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What is Screening? Basic Public Health Concepts Sheila West, Ph.D. El Maghraby Professor of Ophthalmology Wilmer Eye Institute Johns Hopkins University. SCREENING: DEFINITION

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Presentation Transcript
slide1

What is Screening?

Basic Public Health Concepts

Sheila West, Ph.D.

El Maghraby Professor of Ophthalmology

Wilmer Eye Institute

Johns Hopkins University

slide2

SCREENING: DEFINITION

“The PRESUMPTIVE identification of UNRECOGNIZED disease or defect by the application of tests, exams or other procedures which can be applied RAPIDLY to sort out apparently well persons who PROBABLY have a disease from those who PROBABLY do not”*

Key Elements: disease/disorder/defect

screening test

population

*Commission on Chronic Illness, 1957

slide4

Issues in Screening

Disease

-Disease/disorder should be an important public health problem

High prevalence

Serious outcome

-Early Detection in asymptomatic (pre-clinical) individuals is possible

-Early detection and treatment can affect the course of disease (or affect the public health problem?)

slide5

Screening Test

Concerned with a Functional Definition of

Normality versus Abnormality

Screening Test

Abnormal

Normal

slide6

Criteria for Evaluating a Screening Test

  • Validity: provide a good indication of who does and does not have disease
  • -Sensitivity of the test
  • -Specificity of the test
  • Reliability:(precision): gives consistent results when given to same person under the same conditions
  • Yield: Amount of disease detected in the population, relative to the effort
  • -Prevalence of disease/predictive value
slide7

Validity of Screening Test (Accuracy)

  • - Sensitivity: Is the test detecting true cases of disease? (Ideal is 100%: 100% of cases are detected)
  • -Specificity: Is the test excluding those without disease? (Ideal is 100%: 100% of non-cases are negative)
slide9

Screening for Glaucoma using IOP

True Cases of Glaucoma

Yes No

IOP > 22: Yes 50 100

No 50 1900

(total) 100 2000

Sensitivity = 50% (50/100) False Negative=50%

Specificity = 95% (1900/2000) False Positive=5%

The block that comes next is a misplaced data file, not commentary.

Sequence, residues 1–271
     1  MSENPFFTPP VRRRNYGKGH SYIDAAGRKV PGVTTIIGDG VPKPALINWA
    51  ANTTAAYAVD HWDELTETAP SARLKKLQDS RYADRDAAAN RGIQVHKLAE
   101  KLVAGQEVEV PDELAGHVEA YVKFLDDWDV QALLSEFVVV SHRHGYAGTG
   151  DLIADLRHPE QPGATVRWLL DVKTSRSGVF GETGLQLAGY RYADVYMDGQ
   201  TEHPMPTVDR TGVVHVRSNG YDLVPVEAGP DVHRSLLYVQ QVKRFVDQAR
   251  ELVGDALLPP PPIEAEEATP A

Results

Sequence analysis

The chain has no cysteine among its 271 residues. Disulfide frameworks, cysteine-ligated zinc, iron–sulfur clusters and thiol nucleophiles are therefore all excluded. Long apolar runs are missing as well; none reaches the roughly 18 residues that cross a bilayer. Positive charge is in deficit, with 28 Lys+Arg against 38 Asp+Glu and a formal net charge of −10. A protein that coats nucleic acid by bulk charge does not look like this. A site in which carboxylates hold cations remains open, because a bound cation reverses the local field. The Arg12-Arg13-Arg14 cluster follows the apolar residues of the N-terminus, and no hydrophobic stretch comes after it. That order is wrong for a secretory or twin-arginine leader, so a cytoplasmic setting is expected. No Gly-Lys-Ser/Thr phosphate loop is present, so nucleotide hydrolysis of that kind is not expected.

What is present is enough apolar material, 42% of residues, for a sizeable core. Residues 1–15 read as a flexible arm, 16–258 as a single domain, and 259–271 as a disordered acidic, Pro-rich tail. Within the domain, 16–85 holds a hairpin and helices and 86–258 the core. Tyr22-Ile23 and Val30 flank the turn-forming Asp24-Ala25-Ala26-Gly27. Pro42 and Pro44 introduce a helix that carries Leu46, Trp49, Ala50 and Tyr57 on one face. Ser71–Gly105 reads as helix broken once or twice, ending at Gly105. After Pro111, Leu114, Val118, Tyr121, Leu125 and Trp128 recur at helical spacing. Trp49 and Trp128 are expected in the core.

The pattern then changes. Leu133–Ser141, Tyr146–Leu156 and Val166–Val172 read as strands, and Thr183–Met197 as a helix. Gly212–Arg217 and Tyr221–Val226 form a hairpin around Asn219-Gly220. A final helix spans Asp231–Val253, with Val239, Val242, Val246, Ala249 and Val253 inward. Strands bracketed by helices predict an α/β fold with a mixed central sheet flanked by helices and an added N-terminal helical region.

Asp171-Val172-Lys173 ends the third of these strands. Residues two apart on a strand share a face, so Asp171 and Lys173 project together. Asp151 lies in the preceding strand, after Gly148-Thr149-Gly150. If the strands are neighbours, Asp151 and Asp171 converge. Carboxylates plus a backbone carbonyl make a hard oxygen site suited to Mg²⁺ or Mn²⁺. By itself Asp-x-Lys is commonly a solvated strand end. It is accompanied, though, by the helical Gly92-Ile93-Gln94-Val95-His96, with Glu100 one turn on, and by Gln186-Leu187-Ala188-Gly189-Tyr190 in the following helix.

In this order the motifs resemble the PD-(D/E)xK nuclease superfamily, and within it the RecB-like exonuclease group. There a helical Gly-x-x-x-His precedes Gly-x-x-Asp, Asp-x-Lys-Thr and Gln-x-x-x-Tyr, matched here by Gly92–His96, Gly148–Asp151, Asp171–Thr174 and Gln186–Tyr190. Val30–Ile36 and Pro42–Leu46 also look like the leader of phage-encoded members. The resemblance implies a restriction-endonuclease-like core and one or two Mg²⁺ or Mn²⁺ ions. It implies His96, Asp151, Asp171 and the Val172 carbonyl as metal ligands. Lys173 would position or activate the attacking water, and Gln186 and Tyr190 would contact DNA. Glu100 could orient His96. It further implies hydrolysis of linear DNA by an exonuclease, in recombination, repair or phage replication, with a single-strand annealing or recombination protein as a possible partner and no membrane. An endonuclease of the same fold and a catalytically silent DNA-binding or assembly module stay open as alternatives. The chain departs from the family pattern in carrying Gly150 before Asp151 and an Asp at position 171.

slide10

Where do we set the cut-off for a screening test?

Consider:

-The impact of high number of false positives:

anxiety, cost of further testing

-Importance of not missing a case:

seriousness of disease, likelihood of re-screening

slide11

Reliability (reproducibility)

Agreement within and between examiners

________________________________________________

Inter-Observer Agreement in Grading Severity of Cataract

Examiner 1: Grade

Examiner <1 1-<2 2-<3 3-<4 4

2

<1 10 2 1 0 0

1-<2 1 20 2 0 0

2-<3 0 1 20 1 0

3-<4 0 0 1 10 2

4 0 0 0 2 5

% Agreement = 81.3%

Kappa = 0.76

slide12

Validity versus Reliability of Screening Test

Examiner 1 Examiner 2 Examiner 3

Good Reliability

Low Validity

True cases

slide13

Yield from a Screening Test for Disease X

Predictive Value

Screening Test

X

X

X

X

X

X

Positives

Negatives

slide14

Yield from the Screening Test: Predictive Value

  • Relationship between Sensitivity, Specificity, and Prevalence of Disease
  • Prevalence is low, even a highly specific test will give large numbers of False Positives
  • Predictive Value of a Positive Test (PPV): Likelihood that a person with a positive test has the disease
  • Predictive Value of a Negative Test (NPV): Likelihood that a person with a negative test does not have the disease
slide15

Screening for Glaucoma using IOP

True Cases of Glaucoma

Yes No

IOP > 22: Yes 50 100

No 50 1900

(total) 100 2000

Specificity = 95% (1900/2000) False Positive=5%

Positive Predictive Value =33%

slide16

How Good does a Screening Test have to be?

IT DEPENDS

-Seriousness of disease, consequences of high false positivity rate:

-Rapid HIV test should have >90% sensitivity, 99.9% specificity

-Screen for nearsighted children proposes 80% sensitivity, >95% specificity

-Pre-natal genetic questionnaire could be 99% sensitive, 80% specific

slide17

Principles for Screening Programs

  • Condition should be an important health problem
  • There should be a recognizable early or latent stage
  • There should be an accepted treatment for persons with condition
  • The screening test is valid, reliable, with acceptable yield
  • The test should be acceptable to the population to be screened
  • The cost of screening and case finding should be economically balanced in relation to medical care as a whole